Like so many recent commitments, deployment to Iraq looks, at present, like a ‘mission without end’. If such commitments are to be sustained, UK forces must have sufficient numbers - of properly equipped people - to enable them to replace those currently deployed, over and over again, while remaining capable of undertaking further demands in an uncertain world
The process of developing the mix of military capabilities remains one of assessing priorities and making hard choices. As a nation, we appear to have decided that we do not wish to fund our armed forces to enable them to carry out all their possible tasks, from high-intensity conflict through nation-building, conflict prevention and counter-terrorism, down to replacing striking fire-fighters. Yet, paradoxically, the government demands that they are prepared to carry all these roles out at any time and in any place.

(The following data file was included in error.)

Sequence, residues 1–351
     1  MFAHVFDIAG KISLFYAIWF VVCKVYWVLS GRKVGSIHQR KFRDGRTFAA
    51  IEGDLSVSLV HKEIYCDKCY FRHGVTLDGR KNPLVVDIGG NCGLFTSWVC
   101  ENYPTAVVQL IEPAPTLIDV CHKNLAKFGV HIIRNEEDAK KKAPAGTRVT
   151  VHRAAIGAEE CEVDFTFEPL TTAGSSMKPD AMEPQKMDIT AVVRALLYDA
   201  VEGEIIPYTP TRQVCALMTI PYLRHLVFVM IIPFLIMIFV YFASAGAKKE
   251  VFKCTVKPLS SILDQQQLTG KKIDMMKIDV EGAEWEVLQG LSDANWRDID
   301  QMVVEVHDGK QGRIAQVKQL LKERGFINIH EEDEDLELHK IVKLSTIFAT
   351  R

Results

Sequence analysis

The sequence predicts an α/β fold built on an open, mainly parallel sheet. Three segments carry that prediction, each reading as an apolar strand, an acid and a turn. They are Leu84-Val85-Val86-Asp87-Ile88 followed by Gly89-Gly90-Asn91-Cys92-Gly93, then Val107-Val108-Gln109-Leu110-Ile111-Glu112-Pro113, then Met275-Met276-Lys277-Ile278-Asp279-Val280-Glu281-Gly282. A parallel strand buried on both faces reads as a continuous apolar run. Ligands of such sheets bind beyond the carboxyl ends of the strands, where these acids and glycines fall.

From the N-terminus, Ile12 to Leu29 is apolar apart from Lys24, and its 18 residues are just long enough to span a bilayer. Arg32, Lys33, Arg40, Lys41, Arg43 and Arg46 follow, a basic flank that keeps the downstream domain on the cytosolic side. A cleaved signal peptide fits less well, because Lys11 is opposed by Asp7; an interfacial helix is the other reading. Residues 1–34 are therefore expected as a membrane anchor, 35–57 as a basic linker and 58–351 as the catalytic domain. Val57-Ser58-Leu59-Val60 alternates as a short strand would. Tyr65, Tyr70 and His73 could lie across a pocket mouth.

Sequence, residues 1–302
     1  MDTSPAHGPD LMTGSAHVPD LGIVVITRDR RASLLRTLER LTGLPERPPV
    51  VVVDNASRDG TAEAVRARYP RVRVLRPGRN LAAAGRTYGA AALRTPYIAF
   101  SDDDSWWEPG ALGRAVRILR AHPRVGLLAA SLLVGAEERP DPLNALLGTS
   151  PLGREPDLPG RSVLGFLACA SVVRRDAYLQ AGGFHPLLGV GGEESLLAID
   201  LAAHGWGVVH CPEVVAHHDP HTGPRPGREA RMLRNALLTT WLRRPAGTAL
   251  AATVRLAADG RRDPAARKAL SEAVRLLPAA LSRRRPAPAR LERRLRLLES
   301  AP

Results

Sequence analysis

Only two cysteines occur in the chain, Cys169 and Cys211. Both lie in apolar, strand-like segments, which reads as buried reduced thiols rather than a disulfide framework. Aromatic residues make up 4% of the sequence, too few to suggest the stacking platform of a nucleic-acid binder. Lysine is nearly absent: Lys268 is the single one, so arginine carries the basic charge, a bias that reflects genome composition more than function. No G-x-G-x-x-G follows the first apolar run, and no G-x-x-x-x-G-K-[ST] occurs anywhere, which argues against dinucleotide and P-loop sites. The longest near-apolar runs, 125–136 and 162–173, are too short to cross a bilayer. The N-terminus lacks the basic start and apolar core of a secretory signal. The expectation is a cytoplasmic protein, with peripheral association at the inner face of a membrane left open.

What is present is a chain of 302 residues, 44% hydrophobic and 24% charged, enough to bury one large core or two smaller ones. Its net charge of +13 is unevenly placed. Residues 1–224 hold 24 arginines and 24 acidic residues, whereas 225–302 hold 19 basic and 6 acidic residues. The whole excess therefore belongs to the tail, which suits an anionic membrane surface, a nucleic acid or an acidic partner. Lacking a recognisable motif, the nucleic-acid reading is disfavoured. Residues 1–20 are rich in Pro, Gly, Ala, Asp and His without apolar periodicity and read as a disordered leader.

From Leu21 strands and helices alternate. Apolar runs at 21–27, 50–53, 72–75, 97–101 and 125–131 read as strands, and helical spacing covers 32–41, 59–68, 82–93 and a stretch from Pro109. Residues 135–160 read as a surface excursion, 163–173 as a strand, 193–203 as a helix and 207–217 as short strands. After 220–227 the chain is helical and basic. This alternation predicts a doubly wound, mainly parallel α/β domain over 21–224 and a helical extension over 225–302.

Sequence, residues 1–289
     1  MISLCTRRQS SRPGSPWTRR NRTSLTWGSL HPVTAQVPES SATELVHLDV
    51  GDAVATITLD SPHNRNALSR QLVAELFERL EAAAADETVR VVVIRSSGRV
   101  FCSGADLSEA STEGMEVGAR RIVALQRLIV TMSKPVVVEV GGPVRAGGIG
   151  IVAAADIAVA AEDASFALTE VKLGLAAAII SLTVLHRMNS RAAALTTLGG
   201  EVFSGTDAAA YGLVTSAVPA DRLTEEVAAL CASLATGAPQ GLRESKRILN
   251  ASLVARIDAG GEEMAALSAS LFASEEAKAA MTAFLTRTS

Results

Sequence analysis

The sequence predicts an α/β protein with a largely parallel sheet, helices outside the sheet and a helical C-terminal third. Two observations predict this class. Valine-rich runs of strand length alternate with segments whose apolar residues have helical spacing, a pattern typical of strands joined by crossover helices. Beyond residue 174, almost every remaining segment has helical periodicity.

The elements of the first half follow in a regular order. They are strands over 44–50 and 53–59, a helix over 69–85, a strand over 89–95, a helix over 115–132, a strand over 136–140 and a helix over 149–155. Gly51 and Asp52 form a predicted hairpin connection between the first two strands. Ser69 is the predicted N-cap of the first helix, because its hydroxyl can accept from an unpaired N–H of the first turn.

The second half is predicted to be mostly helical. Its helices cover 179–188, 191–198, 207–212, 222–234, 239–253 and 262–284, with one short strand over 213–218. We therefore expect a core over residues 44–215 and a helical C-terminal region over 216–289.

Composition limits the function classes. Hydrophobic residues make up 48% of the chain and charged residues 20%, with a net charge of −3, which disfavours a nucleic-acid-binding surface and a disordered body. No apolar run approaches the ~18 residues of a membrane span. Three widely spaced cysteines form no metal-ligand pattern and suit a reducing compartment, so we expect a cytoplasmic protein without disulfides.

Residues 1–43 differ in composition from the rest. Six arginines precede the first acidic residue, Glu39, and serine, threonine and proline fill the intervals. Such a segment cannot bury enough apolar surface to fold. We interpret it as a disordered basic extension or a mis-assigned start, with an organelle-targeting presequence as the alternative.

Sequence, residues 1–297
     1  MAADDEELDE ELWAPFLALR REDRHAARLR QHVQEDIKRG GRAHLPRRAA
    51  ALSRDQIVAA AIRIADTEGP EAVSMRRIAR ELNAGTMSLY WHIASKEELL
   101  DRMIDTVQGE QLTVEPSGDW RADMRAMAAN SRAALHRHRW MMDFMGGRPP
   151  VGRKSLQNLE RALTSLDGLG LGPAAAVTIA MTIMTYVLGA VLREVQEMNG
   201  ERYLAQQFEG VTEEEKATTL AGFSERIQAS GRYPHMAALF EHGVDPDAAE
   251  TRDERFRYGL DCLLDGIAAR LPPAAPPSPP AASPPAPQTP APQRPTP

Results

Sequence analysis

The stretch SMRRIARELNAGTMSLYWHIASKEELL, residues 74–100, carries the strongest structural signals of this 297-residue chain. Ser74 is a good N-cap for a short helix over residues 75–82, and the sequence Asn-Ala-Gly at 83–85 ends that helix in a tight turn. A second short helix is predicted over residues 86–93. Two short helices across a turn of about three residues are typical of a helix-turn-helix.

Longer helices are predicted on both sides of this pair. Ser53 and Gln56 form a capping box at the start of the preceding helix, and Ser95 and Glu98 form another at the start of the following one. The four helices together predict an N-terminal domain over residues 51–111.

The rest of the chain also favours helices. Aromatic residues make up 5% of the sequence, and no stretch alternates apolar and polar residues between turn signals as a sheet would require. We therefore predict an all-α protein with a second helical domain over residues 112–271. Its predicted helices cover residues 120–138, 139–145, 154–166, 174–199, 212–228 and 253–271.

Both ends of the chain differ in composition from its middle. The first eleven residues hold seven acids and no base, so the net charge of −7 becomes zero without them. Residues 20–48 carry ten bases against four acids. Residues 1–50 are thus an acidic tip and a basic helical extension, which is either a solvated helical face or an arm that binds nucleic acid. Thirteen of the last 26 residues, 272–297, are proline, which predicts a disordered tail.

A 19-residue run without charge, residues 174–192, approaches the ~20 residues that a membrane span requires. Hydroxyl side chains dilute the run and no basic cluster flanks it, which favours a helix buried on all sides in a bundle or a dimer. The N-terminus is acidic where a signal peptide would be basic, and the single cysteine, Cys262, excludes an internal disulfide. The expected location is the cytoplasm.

However governments have a reciprocal responsibility. They must understand the implications of any demands that they make on the Services, in respect of strain on both personnel and equipment. Frequent operational deployment, away from home, is bound to affect the long term commitment of military personnel with family responsibilities. Nor is perpetual deployment a satisfactory basis on which to plan the structure of our military. If governments wish a task to be undertaken, it is up to them to ensure that there are sufficient numbers of trained personnel to undertake it, provided with sufficient equipment of the right kind, and the necessary replacements available to relieve them after a reasonable time on operations. The almost perpetual mobilisation of volunteer reservists, justified during the Iraq war but less so during its reconstruction, is being increasingly questioned by employers. This too is a priceless asset that must not be destroyed by overuse.
Great stuff from Sir Tim - have a good dig around on his site - there's plenty of little goodies squirrelled away. :D